By determining the rate at which the universe is expanding,
Hubble may have helped solve the mystery of how old the
universe is, but it unexpectedly turned up an even more
profound one -- the fact that the rate of the universe's
expansion is not slowing down or even constant, but is
inexplicably accelerating. The culprit behind this, dubbed
dark energy, is now thought to make up about 70 percent of
the combined mass-energy in the entire universe, and it
remains an utter enigma. Solving this mystery could
revolutionize physics as we know it.
Science Friday | Exploring An Ever-Expanding Universe (30 min)
The Nobel Prize in Physics 2011
The Nobel Prize in Physics 2011 was divided, one half
awarded to Saul Perlmutter, the other half jointly to Brian
P. Schmidt and Adam G. Riess "for the discovery of the
accelerating expansion of the Universe through observations
of distant supernovae".
Press Release | Written in the stars
What will be the final destiny of the Universe? Probably it
will end in ice, if we are to believe this year's Nobel
Laureates in Physics. They have studied several dozen
exploding stars, called supernovae, and discovered that the
Universe is expanding at an ever-accelerating rate. The
discovery came as a complete surprise even to the Laureates
In 1998, cosmology was shaken at its foundations as two
research teams presented their findings. Headed by Saul
Perlmutter, one of the teams had set to work in 1988. Brian
Schmidt headed another team, launched at the end of 1994,
where Adam Riess was to play a crucial role.
The research teams raced to map the Universe by locating the
most distant supernovae. More sophisticated telescopes on
the ground and in space, as well as more powerful computers
and new digital imaging sensors (CCD, Nobel Prize in Physics
in 2009), opened the possibility in the 1990s to add more
pieces to the cosmological puzzle.
The teams used a particular kind of supernova, called type
Ia supernova. It is an explosion of an old compact star that
is as heavy as the Sun but as small as the Earth. A single
such supernova can emit as much light as a whole galaxy. All
in all, the two research teams found over 50 distant
supernovae whose light was weaker than expected - this was a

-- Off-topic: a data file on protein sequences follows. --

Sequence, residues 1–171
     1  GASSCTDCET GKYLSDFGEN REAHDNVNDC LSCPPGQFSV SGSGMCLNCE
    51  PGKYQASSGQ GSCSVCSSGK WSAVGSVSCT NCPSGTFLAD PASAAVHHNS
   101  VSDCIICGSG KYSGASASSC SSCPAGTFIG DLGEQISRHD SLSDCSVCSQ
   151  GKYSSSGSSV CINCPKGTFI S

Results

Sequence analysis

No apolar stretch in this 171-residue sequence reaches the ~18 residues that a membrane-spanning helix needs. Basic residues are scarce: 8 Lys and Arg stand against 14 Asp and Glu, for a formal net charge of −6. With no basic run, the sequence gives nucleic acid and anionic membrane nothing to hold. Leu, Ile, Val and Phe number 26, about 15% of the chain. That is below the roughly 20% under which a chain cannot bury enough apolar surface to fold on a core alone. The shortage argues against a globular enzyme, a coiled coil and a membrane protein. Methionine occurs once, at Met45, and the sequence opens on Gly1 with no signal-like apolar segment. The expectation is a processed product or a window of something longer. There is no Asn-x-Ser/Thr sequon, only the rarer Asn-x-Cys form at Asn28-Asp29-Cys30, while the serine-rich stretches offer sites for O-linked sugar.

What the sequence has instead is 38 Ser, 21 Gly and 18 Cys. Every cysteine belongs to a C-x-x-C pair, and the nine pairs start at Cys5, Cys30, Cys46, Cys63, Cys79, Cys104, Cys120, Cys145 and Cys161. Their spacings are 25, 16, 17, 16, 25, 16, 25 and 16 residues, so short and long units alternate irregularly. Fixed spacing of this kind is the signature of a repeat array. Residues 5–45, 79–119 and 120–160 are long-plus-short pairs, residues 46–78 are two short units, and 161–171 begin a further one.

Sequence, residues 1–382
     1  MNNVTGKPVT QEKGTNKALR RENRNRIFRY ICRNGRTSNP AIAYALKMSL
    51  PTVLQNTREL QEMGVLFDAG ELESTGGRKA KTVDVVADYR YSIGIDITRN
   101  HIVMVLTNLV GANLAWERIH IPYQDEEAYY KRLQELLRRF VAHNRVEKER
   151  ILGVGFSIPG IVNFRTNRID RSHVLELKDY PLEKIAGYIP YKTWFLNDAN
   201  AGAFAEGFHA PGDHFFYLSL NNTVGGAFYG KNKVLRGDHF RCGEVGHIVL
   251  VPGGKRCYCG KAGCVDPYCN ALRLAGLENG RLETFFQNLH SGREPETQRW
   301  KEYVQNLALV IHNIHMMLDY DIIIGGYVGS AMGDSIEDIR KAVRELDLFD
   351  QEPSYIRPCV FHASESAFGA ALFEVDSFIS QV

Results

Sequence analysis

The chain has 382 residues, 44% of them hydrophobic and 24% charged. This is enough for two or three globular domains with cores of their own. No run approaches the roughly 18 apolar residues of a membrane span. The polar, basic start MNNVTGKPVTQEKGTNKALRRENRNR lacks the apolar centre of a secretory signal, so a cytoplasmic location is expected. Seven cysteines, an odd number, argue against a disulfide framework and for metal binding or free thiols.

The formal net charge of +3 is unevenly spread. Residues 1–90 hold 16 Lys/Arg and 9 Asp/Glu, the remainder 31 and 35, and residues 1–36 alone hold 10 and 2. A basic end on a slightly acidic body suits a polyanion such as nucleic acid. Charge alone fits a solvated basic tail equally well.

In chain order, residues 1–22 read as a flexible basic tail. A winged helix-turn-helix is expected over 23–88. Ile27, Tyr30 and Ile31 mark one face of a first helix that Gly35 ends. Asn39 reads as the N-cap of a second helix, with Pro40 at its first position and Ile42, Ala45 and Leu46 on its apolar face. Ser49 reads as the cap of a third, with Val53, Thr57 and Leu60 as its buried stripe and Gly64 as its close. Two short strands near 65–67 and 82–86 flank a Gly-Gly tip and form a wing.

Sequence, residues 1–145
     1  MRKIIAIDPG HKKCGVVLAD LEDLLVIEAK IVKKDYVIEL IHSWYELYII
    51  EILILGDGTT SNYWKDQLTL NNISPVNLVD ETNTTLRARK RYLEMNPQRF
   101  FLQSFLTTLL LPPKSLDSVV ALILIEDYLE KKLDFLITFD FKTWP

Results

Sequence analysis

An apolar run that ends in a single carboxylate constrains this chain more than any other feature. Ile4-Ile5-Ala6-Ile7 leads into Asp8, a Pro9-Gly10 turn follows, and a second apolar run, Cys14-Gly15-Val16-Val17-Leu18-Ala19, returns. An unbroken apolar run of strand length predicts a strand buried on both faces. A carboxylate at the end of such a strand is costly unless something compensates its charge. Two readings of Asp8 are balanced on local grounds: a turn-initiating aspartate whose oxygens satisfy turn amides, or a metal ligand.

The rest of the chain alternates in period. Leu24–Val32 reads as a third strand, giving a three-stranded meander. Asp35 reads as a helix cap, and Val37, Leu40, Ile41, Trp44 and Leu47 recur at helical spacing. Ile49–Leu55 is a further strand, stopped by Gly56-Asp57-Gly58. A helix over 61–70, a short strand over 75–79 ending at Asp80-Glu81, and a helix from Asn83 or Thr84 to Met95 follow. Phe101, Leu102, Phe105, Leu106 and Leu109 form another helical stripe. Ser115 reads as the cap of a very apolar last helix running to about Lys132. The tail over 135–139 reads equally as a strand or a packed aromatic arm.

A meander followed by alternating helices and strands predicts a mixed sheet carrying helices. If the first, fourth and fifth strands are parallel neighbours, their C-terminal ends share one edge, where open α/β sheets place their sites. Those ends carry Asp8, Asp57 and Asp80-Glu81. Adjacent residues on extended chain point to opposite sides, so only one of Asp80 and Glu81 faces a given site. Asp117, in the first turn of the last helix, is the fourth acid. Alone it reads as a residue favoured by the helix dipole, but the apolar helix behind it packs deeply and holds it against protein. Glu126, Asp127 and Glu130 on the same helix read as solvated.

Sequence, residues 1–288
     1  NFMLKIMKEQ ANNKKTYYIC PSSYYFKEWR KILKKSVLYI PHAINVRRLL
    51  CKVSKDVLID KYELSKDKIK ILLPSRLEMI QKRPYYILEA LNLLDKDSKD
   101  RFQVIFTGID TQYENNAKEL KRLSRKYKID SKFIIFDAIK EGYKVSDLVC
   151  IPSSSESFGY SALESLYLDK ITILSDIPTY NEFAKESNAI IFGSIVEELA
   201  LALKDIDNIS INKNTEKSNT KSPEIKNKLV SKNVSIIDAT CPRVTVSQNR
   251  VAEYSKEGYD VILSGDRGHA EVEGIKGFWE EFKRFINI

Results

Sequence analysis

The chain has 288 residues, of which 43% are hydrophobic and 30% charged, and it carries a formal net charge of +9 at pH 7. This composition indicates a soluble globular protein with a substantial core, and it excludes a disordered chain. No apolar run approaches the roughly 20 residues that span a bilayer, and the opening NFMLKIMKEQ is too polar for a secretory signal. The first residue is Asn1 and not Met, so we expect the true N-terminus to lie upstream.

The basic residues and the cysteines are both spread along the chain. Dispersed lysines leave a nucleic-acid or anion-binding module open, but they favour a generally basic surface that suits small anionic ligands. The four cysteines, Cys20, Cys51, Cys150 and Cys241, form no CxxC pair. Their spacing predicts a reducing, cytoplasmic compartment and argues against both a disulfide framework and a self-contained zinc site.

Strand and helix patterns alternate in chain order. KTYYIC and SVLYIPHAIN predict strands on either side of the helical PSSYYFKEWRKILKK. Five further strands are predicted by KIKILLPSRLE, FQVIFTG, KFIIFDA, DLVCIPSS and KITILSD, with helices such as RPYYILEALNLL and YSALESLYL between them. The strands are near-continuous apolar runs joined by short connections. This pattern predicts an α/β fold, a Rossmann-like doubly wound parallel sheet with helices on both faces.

sign that the expansion of the Universe was accelerating.
The potential pitfalls had been numerous, and the scientists
found reassurance in the fact that both groups had reached
the same astonishing conclusion.
For almost a century, the Universe has been known to be
expanding as a consequence of the Big Bang about 14 billion
years ago. However, the discovery that this expansion is
accelerating is astounding. If the expansion will continue
to speed up the Universe will end in ice.
The acceleration is thought to be driven by dark energy, but
what that dark energy is remains an enigma - perhaps the
greatest in physics today. What is known is that dark energy
constitutes about three quarters of the Universe. Therefore
the findings of the 2011 Nobel Laureates in Physics have
helped to unveil a Universe that to a large extent is
unknown to science. And everything is possible again.
Why the Runaway Universe Discovery Won the Nobel Prize in
Physics (4+ min)
Why the universe probably is "flat" (15 min)
Lawrence Krauss makes the case for a flat universe, where
the total amount of mass-energy in the universe is and
always has been zero.
A Universe From Nothing' by Lawrence Krauss, AAI 2009 (1+ hr)
In physical cosmology and astronomy, dark energy is a
hypothetical form of energy which permeates all of space and
tends to accelerate the expansion of the universe. Dark
energy is the most accepted hypothesis to explain the
observations since the 1990s indicating that the universe is
expanding at an accelerating rate.
NASA's Hubble rules out one alternative to dark energy
Astronomers using NASA's Hubble Space Telescope have ruled
out an alternate theory on the nature of dark energy after
recalculating the expansion rate of the universe to
Hubble Confirms Dark Energy's Clout
By the way, this work was made possible by a little-known
but astounding effort undertaken with the Hubble Space
Telescope called the Cosmic Evolution Survey, or COSMOS.
From October 2003 to November 2005, HST's Advanced Camera
for Surveys acquired 38-minute-long exposures of 575
overlapping fields, collectively covering a patch of Sextans
a full 1.3° square.
COSMOS took 1,000 hours of Hubble time to acquire -- making
it even more ambitious than observatory's famous, but much
narrower, "deep fields." At full resolution, the final image
is 100,800 pixels on a side -- imagine a page in Sky &
Telescope 28 feet on a side and you'll get the picture (so
Astronomy Picture of the Day Archive